Mind the (gender) gap

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Boys and girls are different. From the start. Certain biological differences cannot be denied, and these certainly guide our development, our perception of the world, and our identities. But current gender stereotypes are restrictive, limiting, one-dimensional, boring… and even in some cases harmful.

My main point here is that parents (and society in general) go overboard with gender stereotypes and force children (and adults) into restrictive and one-dimensional boxes. There should be more room to breathe, more freedom to ‘be’. For all of us!

If we try to view children and people in general as being along a spectrum of gender identity (having a mix of various ‘masculine’ and ‘feminine’ traits), rather than either of two polar opposites (having exclusively ‘male’ or exclusively ‘female’ traits) – immediately a whole range of options open up for us all to express our gender identity and fulfil our different gendered roles.

This freedom to ‘be’ would allow everyone more room to breathe, to move, to explore their unique personality/ character/ temperament/ identity… and their place in this world, in relation to others – without constant fear of being disapproved of (or even punished) for not fitting into someone else’s pre-determined criteria of what is ‘normal’.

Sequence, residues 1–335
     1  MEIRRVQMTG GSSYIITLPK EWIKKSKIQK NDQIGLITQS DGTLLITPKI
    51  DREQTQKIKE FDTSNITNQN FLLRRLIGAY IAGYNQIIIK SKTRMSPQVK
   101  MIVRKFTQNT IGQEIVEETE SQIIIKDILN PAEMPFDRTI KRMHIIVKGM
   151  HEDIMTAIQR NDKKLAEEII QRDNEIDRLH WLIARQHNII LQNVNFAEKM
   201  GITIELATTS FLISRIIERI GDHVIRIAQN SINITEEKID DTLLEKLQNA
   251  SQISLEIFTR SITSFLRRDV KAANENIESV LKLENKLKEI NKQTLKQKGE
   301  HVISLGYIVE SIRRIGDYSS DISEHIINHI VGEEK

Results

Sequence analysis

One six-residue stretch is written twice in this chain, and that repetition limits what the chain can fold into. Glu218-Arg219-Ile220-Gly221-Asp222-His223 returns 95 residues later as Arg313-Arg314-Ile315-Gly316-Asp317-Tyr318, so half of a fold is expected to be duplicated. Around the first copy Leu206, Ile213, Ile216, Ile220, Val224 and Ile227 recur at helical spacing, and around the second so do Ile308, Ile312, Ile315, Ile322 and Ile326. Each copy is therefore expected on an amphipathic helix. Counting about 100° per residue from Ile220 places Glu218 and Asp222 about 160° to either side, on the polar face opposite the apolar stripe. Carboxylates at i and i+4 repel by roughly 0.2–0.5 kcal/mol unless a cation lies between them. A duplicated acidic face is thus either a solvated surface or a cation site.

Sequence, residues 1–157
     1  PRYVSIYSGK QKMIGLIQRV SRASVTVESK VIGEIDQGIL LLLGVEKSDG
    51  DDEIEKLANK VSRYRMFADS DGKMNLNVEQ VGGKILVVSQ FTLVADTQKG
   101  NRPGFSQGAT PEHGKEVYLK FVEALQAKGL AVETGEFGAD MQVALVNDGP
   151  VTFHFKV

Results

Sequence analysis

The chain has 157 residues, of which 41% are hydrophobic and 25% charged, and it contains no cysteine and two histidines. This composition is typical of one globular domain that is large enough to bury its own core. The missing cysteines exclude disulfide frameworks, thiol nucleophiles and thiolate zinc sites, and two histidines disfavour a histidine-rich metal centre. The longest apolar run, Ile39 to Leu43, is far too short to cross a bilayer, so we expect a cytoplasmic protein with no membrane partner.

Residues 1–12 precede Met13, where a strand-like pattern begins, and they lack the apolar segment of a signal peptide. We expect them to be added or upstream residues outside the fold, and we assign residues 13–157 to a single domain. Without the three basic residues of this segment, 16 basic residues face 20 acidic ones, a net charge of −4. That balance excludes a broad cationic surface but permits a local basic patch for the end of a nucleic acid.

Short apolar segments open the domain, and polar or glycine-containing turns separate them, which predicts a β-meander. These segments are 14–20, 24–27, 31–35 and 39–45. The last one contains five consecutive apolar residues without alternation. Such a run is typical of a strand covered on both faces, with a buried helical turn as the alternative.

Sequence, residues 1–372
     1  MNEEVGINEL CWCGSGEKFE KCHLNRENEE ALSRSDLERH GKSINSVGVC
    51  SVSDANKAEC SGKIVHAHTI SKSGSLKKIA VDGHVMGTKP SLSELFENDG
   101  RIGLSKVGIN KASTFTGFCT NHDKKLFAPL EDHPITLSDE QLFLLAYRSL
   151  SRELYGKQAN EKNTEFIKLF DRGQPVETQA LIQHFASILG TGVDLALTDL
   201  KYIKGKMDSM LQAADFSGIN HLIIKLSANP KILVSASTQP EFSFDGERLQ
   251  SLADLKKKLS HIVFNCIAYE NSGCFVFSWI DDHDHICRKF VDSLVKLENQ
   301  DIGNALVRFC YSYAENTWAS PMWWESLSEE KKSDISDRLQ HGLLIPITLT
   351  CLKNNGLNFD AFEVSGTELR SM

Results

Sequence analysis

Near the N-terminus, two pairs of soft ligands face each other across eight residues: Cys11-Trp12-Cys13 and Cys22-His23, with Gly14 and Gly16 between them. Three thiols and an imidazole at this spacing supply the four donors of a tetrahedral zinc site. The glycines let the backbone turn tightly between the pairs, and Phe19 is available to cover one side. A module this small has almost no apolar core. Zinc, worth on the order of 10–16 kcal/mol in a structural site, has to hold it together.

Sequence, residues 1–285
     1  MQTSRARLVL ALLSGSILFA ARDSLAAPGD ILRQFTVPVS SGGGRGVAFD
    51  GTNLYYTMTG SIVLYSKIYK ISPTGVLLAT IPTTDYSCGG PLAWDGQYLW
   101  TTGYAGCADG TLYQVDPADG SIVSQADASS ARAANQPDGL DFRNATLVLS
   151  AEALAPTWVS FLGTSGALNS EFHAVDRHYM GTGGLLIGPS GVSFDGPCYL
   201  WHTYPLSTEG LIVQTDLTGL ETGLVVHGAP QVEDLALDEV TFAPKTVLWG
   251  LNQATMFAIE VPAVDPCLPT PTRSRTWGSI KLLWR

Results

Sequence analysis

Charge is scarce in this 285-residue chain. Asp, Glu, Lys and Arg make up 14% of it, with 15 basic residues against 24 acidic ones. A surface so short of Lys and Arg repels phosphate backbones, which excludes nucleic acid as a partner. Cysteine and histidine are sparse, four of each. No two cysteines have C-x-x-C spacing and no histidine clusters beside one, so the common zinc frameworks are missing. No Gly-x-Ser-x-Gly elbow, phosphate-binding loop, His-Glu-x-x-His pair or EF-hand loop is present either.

Whilst I am intentionally trying to avoid using an overly academic manner or style, I must explain briefly that by ‘gender’ I am referring to what academics would view as the socialised identity people have, based on their biological differences.

In other words, biology (or ‘sex’) is pre-determined, but many intellectuals in fields such as gender studies, feminism, sociology, anthropology and psychology argue that gender is ‘socialised’ (through upbringing, education, culture and social interaction).

However, my view on this complex subject attempts to take what I view as a more balanced approach than either the conservative belief in predetermined gender identities and roles, or the intellectual argument that we are simply (or mostly) products of our social environment.

On the one hand, many intellectuals and feminists, especially some of my least favourite lecturers (the chip-on-the-shoulder types) would scornfully dismiss what I see as basic, observable, common sense (‘boys and girls are different, from the start’) as ‘gender essentialism’ (speaking about boys and girls as if they are essentially different, rather than raised or socialised to be different).

On the other hand, I don’t feel enough attention is paid to the many ways in which biology does determine who we are and what we do. Whether we like it or not!

Our biological sex determines the very rate and focus of our development – and many studies have shown the various ways in which these differing biological imperatives in turn affect our abilities, and even our perspectives, reactions and desires.

Right from the womb, our brains develop differently, with male and female development focusing on different spheres of the brain. This has huge repercussions for our journey through life.

It’s the old ‘nature vs. nurture’ debate which rears its head in all social sciences at every turn. One side seem to disregard biology and its obvious practical implications, while the other side ignore our own role in ‘shaping’ ourselves and each other through our beliefs and interactions.